XIX. The Sun


A happy, naked child holding a large, red banner rides upon a white horse.  Behind the child is a walled garden brimming with beautiful, healthy sunflowers.  The sun, in its splendor, shines brightly above them, like the Divine light that infuses the regenerated spirit.  This is a card of profound optimism and success and represents rebirth and joy.  Solar energy is masculine in nature (or yang) and corresponds to the dynamic element of fire.  The banner in the illustration symbolizes victory and success.  The horse represents the body and the forces of earth.  And the child indicates innocence, freedom, and solar intelligence.


1.  Look at the card and note how it makes you feel.  Do you like this character?

2.  The Sun card relates to the experience of shining forth and taking "center stage."  It represents our moment in the proverbial spotlight, when we express our glory like the sun.  When we experience hard times and our self-esteem is low, we forget our shining moments and focus, instead, on our mistakes and difficulties.  At these critical moments, it would benefit us greatly to have a list of crowning achievements ready to reflect upon to remind us of our previous successes.  Make a list of four such positive experiences to review whenever you have doubts about yourself.  If you can list more than four, please do so (they can be little successes, too).  Better yet, compile your own "brag book," or scrap book of achievements to help remind you of your accomplishments.

3. Solar (sun) energy, as opposed to lunar (moon) energy, is masculine in nature.  We human beings contain aspects of ourselves that are both feminine and masculine.  All people have within them an anima (yin) and an animus (yang) component.  Is there a situation in your life that would best be handled with a surge of dynamic energy?  Is there something you've been thinking too much about and now requires that you take action?  In what way would this action allow you to regain a sense of personal power and bliss?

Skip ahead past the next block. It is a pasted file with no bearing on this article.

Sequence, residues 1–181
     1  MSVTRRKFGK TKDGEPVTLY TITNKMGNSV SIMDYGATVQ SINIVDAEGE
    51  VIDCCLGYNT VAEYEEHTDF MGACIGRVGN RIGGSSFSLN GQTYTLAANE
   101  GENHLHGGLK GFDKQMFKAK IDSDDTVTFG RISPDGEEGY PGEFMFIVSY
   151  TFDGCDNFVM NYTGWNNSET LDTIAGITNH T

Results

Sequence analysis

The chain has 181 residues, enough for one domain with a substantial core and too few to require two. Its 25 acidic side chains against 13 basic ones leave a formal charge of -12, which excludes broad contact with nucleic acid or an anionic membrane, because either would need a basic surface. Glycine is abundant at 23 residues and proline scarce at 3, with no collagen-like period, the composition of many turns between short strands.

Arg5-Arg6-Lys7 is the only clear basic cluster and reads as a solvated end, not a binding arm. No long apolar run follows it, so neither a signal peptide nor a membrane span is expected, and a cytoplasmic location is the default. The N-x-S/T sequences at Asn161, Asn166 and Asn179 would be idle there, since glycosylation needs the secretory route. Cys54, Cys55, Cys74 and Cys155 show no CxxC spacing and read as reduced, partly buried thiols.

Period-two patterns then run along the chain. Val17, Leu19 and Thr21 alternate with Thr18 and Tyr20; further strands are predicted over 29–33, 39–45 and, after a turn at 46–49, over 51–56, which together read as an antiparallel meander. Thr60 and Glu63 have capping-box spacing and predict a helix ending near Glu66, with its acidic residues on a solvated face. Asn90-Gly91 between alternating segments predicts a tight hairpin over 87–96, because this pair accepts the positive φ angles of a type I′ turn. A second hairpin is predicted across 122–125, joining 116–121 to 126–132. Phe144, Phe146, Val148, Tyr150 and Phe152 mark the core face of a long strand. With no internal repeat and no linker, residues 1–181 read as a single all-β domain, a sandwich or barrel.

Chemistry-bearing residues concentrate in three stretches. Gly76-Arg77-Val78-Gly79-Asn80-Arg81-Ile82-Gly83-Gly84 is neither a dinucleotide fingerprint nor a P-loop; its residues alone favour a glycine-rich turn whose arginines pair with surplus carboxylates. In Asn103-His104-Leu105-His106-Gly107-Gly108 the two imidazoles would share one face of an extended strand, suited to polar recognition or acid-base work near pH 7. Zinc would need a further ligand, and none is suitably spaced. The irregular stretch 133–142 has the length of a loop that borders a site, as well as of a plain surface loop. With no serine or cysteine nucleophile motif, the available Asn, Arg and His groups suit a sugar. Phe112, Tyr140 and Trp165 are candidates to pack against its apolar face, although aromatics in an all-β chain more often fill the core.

4.  The Sun card symbolizes new opportunities, excellent health, and countless blessings.  By taking time every day to enter into a state of gratitude, we reconnect with the source of our many blessings.  We affirm our belief in universal abundance and open our hearts to spiritual and earthly bliss.  In what ways do you give thanks?  Do you regularly "count your blessings" or focus on gifts rather than adversity?  Is there a time of day that you can designate for celebrating life by appreciation.  Make a list of twenty things for which you are sincerely grateful.

5.  On the spiritual path, we spend most of our time exploring our inner world.  However, the body itself is considered the "temple of the soul" and also requires attention.  The body, as a temple for our Divine Spark, requires that we make a commitment to its continuous health and wellness.  Consider the way in which you express yourself physically.  When is the last time you laughed and played--spontaneously and openly?  Do you fully and openly express yourself sexually?  The energy we project from our bodies is powerful and can have healing, liberating effects.  Consider movement and dance and the way it makes you feel.  Are you involved in the dance of life?  Do you energize your body through athletics or exercise?  How does it make you feel?  Explore this issue and make a plan to allow your body to fully express itself.


Our beliefs create our reality.  Write a personal affirmation that reflects your beliefs seen through the mirror of this major mentor.  I have provided one for you.

I live in a radiant state of gratitude and bliss.

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Excerpted text 2001 Diane Toland
Review and page 2002 Diane Wilkes